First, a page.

These are the vaccine shots that puppies need to receive in the first two years of their lives. Some of these are optional, of course. Subsequent booster doses are often given once every 1 to 2 years. This is in the case of DHPP, Coronavirus, Bordetella, Leptospirosis, and Lyme disease. As for rabies, the law requires boosted doses once every 1 to 3 years, depending on which jurisdiction you reside.
Mandatory Vaccinations in Puppies
There are certain vaccines that are an absolute must for all puppies and dogs. These are as follows.
Canine distemper is a serious viral infection that has a very high mortality rate among puppies. The virus that causes distemper in dogs belongs to the same family of viruses that cause measles in humans. It can affect different organ body systems such as the dog’s gastrointestinal tract, the brain, the spinal cord, and the respiratory tract. This can result in very high fever, difficulty breathing, diarrhea, lethargy, and loss of appetite. It can also result in immunosuppression, which can allow for secondary bacterial infections to develop.
Puppies between ages of 3 and 6 months are vulnerable to canine distemper. More than 80 percent of puppies with distemper die because of the infection. The virus spreads by direct contact with infected body fluids such as feces, vomitus, and respiratory discharges. The virus can also spread via the dog’s urine, eye and nose secretions, and food and water.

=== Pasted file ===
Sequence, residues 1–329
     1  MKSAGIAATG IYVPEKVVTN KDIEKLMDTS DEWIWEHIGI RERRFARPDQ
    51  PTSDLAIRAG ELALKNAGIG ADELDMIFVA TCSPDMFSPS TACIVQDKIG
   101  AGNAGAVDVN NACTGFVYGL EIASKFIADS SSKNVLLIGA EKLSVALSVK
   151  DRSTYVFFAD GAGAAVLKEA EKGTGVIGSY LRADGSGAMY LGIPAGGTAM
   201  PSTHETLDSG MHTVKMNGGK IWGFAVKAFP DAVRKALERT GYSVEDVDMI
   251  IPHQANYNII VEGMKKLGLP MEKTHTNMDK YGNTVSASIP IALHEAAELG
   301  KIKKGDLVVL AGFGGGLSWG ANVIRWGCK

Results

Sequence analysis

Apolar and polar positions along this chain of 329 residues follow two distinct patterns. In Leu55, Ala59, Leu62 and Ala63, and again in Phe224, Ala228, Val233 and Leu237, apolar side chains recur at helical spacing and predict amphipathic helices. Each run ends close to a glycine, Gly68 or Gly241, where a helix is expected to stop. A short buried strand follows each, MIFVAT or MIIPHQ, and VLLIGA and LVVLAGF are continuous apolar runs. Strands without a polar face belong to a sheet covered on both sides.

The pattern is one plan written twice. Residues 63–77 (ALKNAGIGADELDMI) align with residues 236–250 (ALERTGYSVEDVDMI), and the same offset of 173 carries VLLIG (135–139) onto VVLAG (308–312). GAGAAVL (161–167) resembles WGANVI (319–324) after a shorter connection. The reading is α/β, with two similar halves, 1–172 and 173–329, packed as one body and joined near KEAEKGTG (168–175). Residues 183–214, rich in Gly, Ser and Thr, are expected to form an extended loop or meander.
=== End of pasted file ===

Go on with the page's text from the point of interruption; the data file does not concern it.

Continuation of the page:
Puppies from the age of 6 weeks up to 8 weeks can already receive their distemper shots. There are three booster shots given to a puppy. The first is 3 weeks after the first distemper shot. The second is 3 weeks after the first booster dose. By the time the puppy reaches the 12th month, it is ready for its third booster dose.
There is reason to believe that the canine parvovirus is a mutant virus originating from the feline panleukopenia virus in cats. This viral infection is very contagious, with a mortality rate reaching as high as 91%. There is only one mode of transmission of the virus – contact with contaminated feces, whether it’s direct or indirect. It is also possible to transmit parvovirus from an infected dam to its puppies. Although this mode of transmission is rare, it does happen. In such cases, puppies inside the dam’s womb can get the virus.
Canine parvovirus can produce lethargy, bloody diarrhea, fever, vomiting, and loss of appetite. The severe vomiting and diarrhea often lead to dehydration and electrolyte imbalance. There is also a reduction in immune functioning. This favors the development of secondary bacterial infections. Compromise to the intestinal wall leads to loss of protein and anemia. Endotoxins can also escape into the dog’s bloodstream. This produces endotoxemia. This can lead to septic shock and the dog’s death.
Parvovirus shots follow the schedule of distemper vaccination. The initial shot is given between the ages of 6 and 8 weeks and boosted 2 times at 3-week intervals. The final booster is in the 12th month of the puppy’s life.